I promised to share here what my last essay-assignment was. After this, I'll share the ones before that! All have been quite stimulating so far, and I'm looking forward to the future ones as well.
So, during the last couple of weeks, we've been reading texts on Islamic jurisprudence and sexual ethics. We were heading towards Muslim jurists' views on conception and abortion, the laws on what a woman should do in various scenarios. Before that, our professor had us imagine that we, the students, are jurists in the medieval times and a good, practicing Muslim woman comes to us and asks if premature withdrawal is permissible or not because she and her husband are poor and have several children, and she does not think they should have anymore because they cannot afford them. Her husband claims premature withdrawal is the best method of preventing pregnancy and that using condoms (made of cured sheep's intestine) are forbidden according to Islam. So, she wants to know if it's Islamically acceptable to use condoms and whether or not premature withdrawal is allowed.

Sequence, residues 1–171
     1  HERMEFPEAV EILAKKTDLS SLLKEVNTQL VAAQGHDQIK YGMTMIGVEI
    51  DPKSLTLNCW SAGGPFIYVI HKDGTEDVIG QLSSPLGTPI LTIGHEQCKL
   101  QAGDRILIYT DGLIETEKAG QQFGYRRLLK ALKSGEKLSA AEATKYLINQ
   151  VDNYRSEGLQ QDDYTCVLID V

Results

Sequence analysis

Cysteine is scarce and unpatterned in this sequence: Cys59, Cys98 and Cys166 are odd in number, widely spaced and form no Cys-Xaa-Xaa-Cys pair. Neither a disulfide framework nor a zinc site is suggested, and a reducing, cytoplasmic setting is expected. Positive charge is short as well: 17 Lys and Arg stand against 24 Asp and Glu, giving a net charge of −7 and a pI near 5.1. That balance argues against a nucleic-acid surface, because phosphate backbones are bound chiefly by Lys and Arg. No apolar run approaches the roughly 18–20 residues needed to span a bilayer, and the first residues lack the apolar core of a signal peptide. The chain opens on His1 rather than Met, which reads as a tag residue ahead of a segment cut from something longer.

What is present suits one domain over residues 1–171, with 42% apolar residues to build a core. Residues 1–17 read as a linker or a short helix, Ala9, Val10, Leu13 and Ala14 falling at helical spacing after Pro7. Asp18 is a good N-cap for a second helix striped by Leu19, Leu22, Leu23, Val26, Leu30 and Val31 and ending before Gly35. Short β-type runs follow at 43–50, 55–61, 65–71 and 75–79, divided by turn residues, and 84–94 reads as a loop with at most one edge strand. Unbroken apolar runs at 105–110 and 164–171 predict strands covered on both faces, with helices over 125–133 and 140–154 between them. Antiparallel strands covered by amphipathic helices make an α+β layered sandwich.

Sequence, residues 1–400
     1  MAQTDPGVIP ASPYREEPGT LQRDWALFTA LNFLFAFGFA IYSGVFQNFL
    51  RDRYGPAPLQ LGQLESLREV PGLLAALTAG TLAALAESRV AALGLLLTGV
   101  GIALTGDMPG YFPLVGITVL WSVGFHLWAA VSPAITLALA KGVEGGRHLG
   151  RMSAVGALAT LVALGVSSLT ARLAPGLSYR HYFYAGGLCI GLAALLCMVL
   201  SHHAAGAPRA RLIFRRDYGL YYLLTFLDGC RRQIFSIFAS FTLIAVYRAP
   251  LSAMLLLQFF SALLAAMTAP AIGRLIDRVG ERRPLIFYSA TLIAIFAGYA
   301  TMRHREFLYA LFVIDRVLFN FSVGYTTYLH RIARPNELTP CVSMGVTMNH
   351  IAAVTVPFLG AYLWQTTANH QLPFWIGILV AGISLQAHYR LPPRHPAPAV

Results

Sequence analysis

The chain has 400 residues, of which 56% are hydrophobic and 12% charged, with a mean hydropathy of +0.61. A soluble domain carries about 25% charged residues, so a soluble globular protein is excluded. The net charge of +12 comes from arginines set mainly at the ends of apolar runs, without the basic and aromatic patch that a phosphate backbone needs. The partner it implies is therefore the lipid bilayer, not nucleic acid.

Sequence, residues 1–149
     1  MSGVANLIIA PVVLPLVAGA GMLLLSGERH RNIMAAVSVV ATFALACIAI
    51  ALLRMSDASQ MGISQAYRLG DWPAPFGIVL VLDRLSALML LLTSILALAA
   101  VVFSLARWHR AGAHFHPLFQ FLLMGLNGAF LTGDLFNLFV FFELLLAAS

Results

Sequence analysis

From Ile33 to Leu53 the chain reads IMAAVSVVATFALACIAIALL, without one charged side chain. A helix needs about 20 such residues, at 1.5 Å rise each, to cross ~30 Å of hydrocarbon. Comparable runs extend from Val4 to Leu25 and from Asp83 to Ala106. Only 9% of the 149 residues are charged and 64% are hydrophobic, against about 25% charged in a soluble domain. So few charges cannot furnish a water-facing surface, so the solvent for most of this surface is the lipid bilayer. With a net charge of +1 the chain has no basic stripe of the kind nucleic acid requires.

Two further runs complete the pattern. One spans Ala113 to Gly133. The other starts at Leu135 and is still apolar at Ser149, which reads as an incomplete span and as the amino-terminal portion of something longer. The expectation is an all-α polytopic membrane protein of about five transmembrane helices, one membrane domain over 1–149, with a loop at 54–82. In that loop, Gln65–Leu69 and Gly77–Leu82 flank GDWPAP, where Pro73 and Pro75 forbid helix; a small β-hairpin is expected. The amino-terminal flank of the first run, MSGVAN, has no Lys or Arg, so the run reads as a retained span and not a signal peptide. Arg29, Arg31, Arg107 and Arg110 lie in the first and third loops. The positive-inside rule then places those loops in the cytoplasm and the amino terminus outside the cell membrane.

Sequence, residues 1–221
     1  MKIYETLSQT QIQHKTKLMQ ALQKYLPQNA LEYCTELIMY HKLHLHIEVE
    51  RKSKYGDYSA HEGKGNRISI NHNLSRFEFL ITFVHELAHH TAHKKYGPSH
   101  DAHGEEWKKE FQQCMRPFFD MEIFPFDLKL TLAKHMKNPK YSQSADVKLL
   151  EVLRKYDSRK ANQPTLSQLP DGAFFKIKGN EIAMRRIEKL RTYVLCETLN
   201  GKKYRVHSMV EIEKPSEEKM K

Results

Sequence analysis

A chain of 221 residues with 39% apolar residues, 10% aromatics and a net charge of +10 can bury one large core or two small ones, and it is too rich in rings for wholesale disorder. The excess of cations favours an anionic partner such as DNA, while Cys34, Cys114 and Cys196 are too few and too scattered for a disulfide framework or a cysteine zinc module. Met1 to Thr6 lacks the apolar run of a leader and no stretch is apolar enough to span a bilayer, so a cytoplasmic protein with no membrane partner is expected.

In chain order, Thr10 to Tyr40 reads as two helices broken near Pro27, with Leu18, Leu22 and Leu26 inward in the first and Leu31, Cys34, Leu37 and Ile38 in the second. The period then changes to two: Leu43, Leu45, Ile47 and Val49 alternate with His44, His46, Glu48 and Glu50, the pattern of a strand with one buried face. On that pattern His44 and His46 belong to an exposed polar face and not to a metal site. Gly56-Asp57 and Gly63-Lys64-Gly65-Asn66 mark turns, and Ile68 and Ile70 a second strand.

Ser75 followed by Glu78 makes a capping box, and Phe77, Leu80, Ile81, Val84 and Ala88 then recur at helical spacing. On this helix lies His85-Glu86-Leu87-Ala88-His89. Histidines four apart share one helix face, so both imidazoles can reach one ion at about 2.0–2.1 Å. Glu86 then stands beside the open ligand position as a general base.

We give a response based on Islam (the Quran, hadiths, and jurists' opinions). Some time passes, and she comes back, unhappy, saying that she followed our advice but just found out that she is 2.5 months pregnant. She asks us 1) if she can have an abortion, and 2) if yes, then does she need her husband's permission?
SO! Exciting stuff! And everything we said was to be supported by the Quran, hadiths, and other jurists' opinions, which means we couldn't say, "No, of course you can do XYZ! Who said you can't?" etc... which is where one of the main challenges lies in being a jurist, I see now.
We were not allowed to read up on abortion and conception in Islam, save for the material he sent us that we could use to make our decision. In the next blog post, I will share what all those are -- ranging from Quranic verses to hadith reports to jurists' statements.